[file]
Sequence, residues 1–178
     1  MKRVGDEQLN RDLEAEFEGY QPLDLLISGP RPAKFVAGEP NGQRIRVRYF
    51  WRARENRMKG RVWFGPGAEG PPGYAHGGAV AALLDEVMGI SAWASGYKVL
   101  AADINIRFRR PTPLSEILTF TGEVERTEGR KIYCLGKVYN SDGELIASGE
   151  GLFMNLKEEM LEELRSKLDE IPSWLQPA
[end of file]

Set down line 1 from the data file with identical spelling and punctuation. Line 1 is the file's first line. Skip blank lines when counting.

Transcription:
Sequence, residues 1–178